Provenance & Patina: Important English Furniture from a West Coast Collection

Provenance & Patina: Important English Furniture from a West Coast Collection

View full screen - View 1 of Lot 1029. A George II Walnut and Burr Walnut Chest, Circa 1730.

A George II Walnut and Burr Walnut Chest, Circa 1730

Auction Closed

June 18, 08:33 PM GMT


40,000 - 60,000 USD

Lot Details


the ovolo-moulded top with re-entrant corners, above a green baize-lined slide and two short drawers simulated as three drawers and three long graduated drawers, with carcase cockbeads; one side with a fitted pen drawer, the other with a simulated drawer, above brass carrying-handles; bracket feet later; veneer on the back apparently original

height 31 ¼ in.; width 34 ¼ in.; depth 19 ½ in.

79.4 cm; 87 cm; 49.5 cm

R.F. Lambe, Esq., London;

With Ronald A. Lee, London;

Mrs Charles Stuart;

Christie's London, 1 April 1993, lot 105;

The John Parry Collection, Christie's London, 24 March 2010, lot 38;

Private Collection, Greenwich, Connecticut;

Sotheby's New York, 20 October 2021, lot 25.

A. Bowett, English Furniture 1715-1740, Woodbridge 2009, p.101, figs. 3:14, 3:15

Dr Adam Bowett examines this particular commode in detail as part of his 2009 study Early Georgian Furniture 1715-1740.1 He places it after 1730 on account of the ‘ovolo bead’ moulding to the base, and before 1740 on account of the cock-beading to the carcase, which was not generally popular in the 1740s. The fact that the side drawer could be fitted with a pen drawer leads him also to believe that the sliding surface above the drawers, while commonly labelled a ‘brushing slide’ today, may have actually been for writing. The unusual decision to veneer the back of this commode also supports this interpretation, since it would allow the piece to be moved into a central location within a room and viewed from all angles, opening up the possibility of multi-functional usage. Sheraton’s later description in The Cabinet Dictionary implies that the surface could be for writing when he described a ‘Lobby Chest’ as “a kind of half chest of drawers [… measuring] four drawers in height, rising to 3 feet in height” and “sometimes [with] a writing slider which draws out under the top”.2 However, a 1730 invoice from Benjamin Goodison for the apartments of the Princesses Royal at St James’s Palace notes that the “'three Wallnuttree Dressing Tables” have “Sliding Tables to each of them”,3 making their intention as dressing tables clear. As is often the case when speculating on the exact function of certain pieces of antique furniture, we have to bear in mind that many furniture pieces were desirable for their very adaptability, allowing those who lived with the pieces to tailor their relationship to the object depending on their own needs.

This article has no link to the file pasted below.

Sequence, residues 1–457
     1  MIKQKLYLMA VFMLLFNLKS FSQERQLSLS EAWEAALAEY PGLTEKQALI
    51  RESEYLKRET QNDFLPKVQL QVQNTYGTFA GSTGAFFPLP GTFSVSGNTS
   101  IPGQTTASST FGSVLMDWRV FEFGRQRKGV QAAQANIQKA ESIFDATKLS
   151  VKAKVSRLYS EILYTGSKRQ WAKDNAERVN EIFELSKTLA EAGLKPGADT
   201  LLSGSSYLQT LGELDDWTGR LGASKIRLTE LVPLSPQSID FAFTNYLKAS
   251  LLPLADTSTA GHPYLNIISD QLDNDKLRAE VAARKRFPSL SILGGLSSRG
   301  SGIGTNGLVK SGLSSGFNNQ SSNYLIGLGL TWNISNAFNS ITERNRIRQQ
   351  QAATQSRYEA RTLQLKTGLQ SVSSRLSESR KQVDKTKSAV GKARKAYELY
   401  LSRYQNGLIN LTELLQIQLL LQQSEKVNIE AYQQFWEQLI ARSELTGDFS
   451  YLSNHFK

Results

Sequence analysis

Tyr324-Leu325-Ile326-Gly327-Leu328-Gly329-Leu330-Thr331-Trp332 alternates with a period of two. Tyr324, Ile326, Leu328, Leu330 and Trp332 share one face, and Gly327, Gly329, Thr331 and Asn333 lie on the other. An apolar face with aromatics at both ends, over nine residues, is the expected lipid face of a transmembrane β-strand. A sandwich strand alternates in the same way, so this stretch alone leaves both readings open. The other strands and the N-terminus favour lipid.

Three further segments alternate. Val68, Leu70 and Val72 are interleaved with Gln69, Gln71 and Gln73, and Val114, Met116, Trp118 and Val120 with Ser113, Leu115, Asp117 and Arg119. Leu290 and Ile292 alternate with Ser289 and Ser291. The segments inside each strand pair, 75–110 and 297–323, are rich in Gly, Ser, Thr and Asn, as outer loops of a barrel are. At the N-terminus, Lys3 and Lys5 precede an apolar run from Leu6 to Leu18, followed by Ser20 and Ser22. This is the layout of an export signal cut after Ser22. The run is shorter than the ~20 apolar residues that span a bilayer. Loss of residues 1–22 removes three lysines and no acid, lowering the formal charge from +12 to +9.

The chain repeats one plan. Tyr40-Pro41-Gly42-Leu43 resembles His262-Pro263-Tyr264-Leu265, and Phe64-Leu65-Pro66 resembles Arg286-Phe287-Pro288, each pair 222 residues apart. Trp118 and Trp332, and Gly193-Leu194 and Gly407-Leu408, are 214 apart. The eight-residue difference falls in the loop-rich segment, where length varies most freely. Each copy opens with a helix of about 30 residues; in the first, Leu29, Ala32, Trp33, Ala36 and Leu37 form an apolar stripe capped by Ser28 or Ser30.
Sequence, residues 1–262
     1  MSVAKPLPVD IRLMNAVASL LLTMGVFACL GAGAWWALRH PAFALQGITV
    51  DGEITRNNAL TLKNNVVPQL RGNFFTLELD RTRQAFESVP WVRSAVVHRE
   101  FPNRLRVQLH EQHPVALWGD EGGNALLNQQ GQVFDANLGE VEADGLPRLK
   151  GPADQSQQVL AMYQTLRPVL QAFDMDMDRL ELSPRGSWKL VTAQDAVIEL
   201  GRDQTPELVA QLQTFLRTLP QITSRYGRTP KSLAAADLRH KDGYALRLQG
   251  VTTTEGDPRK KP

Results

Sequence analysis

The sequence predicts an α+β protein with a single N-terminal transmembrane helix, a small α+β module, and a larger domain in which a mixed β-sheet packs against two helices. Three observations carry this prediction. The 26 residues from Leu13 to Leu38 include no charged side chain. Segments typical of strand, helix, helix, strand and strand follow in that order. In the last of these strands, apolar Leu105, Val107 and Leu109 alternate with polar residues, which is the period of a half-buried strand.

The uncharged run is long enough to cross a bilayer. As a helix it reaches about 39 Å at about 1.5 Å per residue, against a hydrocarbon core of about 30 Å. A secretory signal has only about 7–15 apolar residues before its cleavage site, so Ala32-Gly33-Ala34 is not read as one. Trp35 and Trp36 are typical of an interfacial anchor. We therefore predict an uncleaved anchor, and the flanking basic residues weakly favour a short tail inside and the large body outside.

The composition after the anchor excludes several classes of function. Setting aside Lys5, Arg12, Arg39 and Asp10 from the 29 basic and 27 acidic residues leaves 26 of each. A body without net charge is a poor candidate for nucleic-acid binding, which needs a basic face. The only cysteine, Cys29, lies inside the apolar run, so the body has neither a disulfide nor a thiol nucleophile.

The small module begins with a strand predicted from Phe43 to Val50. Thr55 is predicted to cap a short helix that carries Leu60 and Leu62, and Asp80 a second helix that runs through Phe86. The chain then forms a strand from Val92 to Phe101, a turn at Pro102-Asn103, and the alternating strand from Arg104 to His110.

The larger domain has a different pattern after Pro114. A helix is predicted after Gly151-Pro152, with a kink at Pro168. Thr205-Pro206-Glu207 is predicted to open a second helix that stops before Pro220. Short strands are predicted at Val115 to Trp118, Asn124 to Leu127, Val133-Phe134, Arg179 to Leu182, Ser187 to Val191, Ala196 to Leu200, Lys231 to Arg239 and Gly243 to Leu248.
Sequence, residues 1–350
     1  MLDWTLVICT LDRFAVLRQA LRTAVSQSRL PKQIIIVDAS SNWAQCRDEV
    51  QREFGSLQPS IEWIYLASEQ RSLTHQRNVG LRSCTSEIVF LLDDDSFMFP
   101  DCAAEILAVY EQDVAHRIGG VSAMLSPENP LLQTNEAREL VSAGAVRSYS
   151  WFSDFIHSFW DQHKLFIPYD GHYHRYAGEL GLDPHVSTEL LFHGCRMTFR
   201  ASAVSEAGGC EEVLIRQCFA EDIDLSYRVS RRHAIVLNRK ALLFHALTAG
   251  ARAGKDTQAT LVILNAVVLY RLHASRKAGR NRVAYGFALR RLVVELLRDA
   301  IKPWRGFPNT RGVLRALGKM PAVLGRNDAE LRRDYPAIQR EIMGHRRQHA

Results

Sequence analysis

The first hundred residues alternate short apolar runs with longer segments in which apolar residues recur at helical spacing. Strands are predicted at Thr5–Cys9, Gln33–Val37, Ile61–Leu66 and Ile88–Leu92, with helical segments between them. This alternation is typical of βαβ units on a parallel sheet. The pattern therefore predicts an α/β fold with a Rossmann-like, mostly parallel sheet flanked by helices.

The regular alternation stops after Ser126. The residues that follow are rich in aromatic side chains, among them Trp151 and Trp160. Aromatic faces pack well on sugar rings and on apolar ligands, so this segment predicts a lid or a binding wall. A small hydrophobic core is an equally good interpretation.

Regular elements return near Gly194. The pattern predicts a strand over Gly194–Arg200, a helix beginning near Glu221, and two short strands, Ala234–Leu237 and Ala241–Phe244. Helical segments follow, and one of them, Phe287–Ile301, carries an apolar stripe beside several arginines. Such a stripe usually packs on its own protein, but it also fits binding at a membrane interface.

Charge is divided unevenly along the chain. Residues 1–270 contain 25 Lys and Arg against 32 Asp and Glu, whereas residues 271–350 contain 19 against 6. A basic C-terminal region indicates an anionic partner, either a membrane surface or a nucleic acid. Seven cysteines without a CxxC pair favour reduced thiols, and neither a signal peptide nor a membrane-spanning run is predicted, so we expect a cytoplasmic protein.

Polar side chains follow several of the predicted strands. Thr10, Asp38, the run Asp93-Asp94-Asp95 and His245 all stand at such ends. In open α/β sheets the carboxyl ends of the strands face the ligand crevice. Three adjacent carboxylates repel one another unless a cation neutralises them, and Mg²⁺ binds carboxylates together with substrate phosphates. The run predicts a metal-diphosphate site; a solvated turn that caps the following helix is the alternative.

This chest's high-quality construction and particularly fine veneers have seen it find a place in the collection of several notable collectors of furniture – one of them was the important antiques dealer Ronald A. Lee, and another was the private collector John Parry. Parry, who generally focused on oak and walnut furniture, had sales in 1997 and 2010 – in the introduction to his 2010 sale at Christie’s, he noted that he chose to “retain a few pieces from the first collection which formed the nucleus of the present collection”,4 one of which was the present lot.


1 Adam Bowett, Early Georgian Furniture 1715-1740, Woodbridge, 2009, pp.101-103.

2 Thomas Sheraton, The Cabinet Dictionary, vol II, New York, 1970 reprint, p.261.

3 Bowett, opus. cit., p. 106, n. 21.

4 Christie's London, The John Parry Collection, 24 March 2010, p.2.